n Riverview Gardens, hope for the school district is blooming again
This article first appeared in the St. Louis Beacon, Feb. 4, 2009 - Rev. Ken Jones remembers when the end of the school term at Riverview High School was known mostly for student violence rather than as a time of celebration. But last year, he says, peace prevailed.
"I've seen a cultural change, a complete transformation, no fights, more peace. It's remarkable."
The Rev. Jones, pastor of Refuge and Restoration Church in Florissant, recalled that moment during a well-attended hearing Tuesday night on the accreditation status of the Riverview Gardens school district. Some of his church members attend schools in the district.
The hearing is one of the steps the Department of Elementary and Secondary Education is taking before deciding whether the district has made substantial progress since losing its accreditation in June 2007. It was given two full years to improve or face a potential state takeover.
Despite the can-do, positive spirit that prevailed at last night's hearing, there is no denying that the district has an uphill battle ahead. It needs to meet nine state performance standards to become fully accredited or six to become provisionally accredited. So far, Riverview meets only one.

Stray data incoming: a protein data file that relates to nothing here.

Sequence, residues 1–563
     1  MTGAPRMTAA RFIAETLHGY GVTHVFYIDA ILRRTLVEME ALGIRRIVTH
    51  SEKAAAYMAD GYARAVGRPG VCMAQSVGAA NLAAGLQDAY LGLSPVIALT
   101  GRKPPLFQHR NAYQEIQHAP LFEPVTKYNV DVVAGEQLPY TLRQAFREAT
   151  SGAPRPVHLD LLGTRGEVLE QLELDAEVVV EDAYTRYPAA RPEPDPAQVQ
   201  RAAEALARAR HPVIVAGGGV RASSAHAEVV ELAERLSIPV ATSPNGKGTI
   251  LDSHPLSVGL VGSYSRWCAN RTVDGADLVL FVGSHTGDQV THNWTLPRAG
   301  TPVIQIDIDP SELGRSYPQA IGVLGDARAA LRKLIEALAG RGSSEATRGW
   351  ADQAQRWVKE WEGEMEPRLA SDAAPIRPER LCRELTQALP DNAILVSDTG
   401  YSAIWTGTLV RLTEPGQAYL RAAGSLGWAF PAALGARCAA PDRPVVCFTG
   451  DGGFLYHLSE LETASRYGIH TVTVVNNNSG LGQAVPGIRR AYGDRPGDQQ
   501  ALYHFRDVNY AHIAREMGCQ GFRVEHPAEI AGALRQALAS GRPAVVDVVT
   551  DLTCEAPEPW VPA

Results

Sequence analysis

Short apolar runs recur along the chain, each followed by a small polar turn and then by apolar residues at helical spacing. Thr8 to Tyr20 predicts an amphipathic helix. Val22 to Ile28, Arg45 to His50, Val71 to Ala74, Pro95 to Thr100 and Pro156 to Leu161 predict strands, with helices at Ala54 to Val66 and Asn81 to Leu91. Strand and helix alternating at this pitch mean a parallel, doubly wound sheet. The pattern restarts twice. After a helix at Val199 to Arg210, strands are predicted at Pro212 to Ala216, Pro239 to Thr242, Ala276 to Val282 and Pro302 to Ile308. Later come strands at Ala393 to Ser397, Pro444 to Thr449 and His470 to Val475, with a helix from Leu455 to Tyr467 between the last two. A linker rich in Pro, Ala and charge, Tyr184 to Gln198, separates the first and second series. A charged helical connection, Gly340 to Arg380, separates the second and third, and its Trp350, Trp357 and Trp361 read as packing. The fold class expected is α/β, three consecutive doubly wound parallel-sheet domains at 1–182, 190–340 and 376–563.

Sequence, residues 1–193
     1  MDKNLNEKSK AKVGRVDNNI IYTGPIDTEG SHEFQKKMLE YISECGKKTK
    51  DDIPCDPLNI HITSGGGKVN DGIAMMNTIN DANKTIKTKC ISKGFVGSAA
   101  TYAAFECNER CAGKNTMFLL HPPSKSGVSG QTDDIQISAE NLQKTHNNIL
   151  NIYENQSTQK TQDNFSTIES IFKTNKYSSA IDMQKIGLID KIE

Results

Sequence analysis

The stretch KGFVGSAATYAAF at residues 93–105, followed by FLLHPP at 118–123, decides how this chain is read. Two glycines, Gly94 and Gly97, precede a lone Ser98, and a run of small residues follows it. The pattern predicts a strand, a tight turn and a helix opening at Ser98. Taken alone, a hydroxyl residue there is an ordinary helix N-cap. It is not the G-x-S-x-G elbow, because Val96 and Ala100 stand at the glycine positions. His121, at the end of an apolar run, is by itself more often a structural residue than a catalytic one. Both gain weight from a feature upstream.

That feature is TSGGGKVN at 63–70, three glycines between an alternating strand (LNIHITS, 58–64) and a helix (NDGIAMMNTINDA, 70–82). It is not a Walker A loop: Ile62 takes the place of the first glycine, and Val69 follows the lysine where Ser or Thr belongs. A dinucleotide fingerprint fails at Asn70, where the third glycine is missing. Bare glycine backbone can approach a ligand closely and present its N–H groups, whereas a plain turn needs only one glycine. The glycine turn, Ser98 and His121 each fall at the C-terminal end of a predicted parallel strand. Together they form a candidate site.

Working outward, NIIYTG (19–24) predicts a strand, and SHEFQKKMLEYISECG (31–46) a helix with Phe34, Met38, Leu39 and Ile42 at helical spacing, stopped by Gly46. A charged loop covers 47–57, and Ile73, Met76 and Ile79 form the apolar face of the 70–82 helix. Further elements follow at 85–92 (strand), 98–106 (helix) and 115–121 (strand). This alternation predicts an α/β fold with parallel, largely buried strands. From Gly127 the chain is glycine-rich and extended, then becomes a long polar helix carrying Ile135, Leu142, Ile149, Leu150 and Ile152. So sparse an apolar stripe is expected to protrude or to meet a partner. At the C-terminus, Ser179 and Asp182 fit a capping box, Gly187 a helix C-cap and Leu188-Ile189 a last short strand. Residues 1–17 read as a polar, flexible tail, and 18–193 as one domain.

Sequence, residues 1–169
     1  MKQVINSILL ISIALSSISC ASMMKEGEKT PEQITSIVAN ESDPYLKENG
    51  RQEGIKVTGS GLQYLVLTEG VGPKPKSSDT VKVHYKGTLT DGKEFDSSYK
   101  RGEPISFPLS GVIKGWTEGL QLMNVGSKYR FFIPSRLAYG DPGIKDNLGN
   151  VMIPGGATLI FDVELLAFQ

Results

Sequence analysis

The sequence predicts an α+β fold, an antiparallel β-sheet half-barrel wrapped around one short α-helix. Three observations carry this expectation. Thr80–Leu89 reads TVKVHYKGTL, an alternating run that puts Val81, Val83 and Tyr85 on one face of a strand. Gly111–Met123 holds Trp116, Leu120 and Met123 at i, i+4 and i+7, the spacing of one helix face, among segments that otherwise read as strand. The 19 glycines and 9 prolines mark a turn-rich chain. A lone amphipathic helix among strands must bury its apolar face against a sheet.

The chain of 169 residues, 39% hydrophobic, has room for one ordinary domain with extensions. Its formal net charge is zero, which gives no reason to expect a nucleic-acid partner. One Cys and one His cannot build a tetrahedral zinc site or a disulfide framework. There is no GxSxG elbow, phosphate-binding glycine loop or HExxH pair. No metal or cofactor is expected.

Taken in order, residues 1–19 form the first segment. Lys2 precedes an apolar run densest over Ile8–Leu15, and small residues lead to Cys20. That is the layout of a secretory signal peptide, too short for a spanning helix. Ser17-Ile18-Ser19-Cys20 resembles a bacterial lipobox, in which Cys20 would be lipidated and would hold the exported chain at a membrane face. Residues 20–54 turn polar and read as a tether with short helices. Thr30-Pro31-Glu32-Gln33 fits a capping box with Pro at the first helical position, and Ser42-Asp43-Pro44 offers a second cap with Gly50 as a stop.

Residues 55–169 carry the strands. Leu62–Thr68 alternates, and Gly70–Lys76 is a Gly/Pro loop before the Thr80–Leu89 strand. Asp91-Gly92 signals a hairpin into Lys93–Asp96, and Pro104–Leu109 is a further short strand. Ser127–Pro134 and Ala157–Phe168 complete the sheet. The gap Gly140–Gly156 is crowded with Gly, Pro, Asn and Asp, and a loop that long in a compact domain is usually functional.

Speaker after speaker voiced overwhelming support for the district, saying it has made substantial progress since 2007. The positive vibes were in sharp contrast to the turbulent meetings when the district was led by Henry Williams, the superintendent ousted in 2007 after being accused of misappropriating the district's money. He later was sentenced to 30 days of shock time, placed on five years of probation and ordered to reimburse more than $100,000 to the district. Two highly regarded female educators, Rhonda M. Key and Natalie Thomas, now serve as the district's co-superintendents.
"Trust was lost prior to the new administration," Rev. Jones said. "Trust has come back. It's truly a blessing to see what has happened in a short period of time."
Brandy Nickelberry, a senior, told state education officials she felt compelled to speak as a voice for the district's students. An A-student, Nickelberry praised the district for beginning to offer additional honors classes and giving her a solid academic foundation for pursuing a career in pharmacology. She says she has scholarship offers from several colleges. Thomas, one of the co-superintendents, says the problems in the district had included a silver lining of bringing people together.
"That has given us the strength to keep moving forward. Quitters are not winners. You saw a community of winners tonight."
Chairing the meeting were two assistant state education commissioners – Charles Brown and Stan Johnson. Both said the meeting was positive, and Johnson added that that district had put together a good plan for improving.
Johnson said it would take the state several months to determine the outcome of the district's effort to regain accreditation.